Restoring Time for the Millennium

From the 2000 Newsletter

The passing of time is very much in the forefront as we enter the new millennium, so it is very fitting that the Lantern clock in The Bidwell House Museum collection be put back in working order. Thanks to the generosity of museum member and antique clock restorer, Bob Schneider, we have done just that.

The c 1745 Brass Lantern clock was made in Lavenham, England and attributed to a clock maker named Thomas Watts.  It graces the south wall of the dining room.  Since it has been restored, the movement of the pendulum and the lovely sound of its chimes bring life into the room and has delighted many visitors.  These chimes ring on the hour and require winding every 24 hours. The clock sports a minute hand as well.  Early versions had only an hour hand.  The addition of motion-work to allow the fitting of a minute hand usually came later. The Lantern clock (also referred to as ‘Cromwellian’, ‘bedpost’ or ‘birdcage’ clock) appeared in England around 1600 and was the first English clock style to be produced in any numbers.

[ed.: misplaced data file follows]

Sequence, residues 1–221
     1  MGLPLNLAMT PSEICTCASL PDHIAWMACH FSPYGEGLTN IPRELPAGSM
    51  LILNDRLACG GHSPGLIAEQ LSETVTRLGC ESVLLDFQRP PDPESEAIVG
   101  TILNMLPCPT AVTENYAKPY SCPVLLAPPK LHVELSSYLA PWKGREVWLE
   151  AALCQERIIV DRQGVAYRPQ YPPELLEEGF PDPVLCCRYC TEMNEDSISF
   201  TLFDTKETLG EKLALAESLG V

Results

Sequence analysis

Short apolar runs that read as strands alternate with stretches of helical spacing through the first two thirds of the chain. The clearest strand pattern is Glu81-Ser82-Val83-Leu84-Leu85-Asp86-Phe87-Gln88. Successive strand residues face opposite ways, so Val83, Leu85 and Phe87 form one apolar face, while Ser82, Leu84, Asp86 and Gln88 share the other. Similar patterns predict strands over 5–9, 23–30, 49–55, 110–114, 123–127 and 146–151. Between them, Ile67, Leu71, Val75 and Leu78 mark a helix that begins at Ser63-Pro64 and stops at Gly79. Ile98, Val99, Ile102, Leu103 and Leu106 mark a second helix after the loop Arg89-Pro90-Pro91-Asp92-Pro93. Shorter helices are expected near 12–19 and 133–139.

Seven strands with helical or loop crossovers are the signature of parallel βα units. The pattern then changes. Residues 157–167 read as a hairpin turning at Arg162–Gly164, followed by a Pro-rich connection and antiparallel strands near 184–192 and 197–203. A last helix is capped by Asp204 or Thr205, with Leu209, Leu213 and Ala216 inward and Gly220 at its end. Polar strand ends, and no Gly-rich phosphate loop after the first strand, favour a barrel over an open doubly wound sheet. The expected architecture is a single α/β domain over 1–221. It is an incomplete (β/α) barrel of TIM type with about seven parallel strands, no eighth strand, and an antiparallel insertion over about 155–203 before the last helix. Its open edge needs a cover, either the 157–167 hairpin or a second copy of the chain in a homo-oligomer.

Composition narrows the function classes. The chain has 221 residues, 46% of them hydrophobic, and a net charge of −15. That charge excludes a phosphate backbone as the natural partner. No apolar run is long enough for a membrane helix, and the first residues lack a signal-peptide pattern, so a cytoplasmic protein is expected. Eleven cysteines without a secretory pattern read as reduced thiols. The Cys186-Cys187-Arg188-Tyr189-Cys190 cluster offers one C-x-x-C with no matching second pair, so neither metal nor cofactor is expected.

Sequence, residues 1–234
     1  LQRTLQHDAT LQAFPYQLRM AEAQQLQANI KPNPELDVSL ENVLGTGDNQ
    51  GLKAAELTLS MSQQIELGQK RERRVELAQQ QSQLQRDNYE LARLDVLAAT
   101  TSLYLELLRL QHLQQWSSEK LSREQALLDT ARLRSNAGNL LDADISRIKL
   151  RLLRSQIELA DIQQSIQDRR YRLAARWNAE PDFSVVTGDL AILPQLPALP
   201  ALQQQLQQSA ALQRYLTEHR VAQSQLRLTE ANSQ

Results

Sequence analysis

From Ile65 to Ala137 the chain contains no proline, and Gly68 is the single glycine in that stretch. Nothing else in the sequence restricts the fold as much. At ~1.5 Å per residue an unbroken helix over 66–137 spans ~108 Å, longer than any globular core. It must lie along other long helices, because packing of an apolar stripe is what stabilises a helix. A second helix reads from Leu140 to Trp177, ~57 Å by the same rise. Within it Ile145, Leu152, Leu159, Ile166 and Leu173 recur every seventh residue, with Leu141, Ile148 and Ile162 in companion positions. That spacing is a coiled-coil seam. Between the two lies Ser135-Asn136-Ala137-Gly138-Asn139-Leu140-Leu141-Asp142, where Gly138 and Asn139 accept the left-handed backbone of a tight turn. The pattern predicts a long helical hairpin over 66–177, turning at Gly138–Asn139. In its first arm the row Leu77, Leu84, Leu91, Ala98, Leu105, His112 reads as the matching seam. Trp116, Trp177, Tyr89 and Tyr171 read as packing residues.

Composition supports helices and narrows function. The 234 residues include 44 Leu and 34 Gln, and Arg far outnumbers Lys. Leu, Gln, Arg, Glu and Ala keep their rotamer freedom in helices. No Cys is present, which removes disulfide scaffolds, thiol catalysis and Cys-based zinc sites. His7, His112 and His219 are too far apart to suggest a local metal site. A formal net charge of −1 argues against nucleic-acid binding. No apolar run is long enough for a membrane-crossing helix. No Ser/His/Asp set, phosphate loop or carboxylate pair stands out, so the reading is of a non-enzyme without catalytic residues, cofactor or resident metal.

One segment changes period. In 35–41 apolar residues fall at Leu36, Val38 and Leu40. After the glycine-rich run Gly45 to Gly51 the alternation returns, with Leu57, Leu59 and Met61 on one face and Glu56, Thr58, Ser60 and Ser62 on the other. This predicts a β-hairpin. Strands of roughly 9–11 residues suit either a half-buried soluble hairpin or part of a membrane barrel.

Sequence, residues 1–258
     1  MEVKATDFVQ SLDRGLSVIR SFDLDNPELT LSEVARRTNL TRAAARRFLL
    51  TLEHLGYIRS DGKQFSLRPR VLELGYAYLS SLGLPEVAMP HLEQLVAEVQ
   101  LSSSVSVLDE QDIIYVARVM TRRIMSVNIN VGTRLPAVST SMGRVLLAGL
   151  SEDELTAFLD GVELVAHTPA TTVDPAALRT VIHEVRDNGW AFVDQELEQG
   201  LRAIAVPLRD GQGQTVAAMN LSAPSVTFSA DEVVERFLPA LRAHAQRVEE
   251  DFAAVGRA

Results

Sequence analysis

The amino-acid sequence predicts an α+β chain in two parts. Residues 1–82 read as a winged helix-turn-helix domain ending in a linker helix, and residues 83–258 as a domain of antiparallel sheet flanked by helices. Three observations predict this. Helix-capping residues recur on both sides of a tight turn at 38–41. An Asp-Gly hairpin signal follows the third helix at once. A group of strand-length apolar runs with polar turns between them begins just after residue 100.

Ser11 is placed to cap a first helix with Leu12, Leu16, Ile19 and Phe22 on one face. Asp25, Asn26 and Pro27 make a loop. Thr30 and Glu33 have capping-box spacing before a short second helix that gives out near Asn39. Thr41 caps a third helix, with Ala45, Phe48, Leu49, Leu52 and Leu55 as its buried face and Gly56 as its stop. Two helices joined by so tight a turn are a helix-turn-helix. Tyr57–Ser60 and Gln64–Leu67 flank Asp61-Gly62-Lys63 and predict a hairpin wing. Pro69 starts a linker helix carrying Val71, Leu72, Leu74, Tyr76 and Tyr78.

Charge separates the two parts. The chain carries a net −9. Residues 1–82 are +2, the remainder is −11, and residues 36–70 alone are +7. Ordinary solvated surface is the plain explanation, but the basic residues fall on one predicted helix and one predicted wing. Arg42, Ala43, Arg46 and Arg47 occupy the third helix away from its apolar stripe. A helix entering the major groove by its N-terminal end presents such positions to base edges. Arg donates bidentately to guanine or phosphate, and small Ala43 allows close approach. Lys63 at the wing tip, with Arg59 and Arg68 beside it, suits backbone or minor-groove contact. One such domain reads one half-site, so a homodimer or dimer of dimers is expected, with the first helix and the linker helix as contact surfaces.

The clock is seen on the wall of the dining room between the windows

These early clocks were made by. blacksmiths or locksmiths. The trade of clockmaker was new and not yet developed sufficiently for recognition in its own right.  This came about in the summer of 1631 when Charles I granted a charter of incorporation to a group of London clockmakers.

The popularity of Lantern clocks continued through the 18th century, even as the tall case or grandfather clock as well as the spring driven table or bracket clock were developed.  Actually, Lantern clocks were produced through the Victorian era.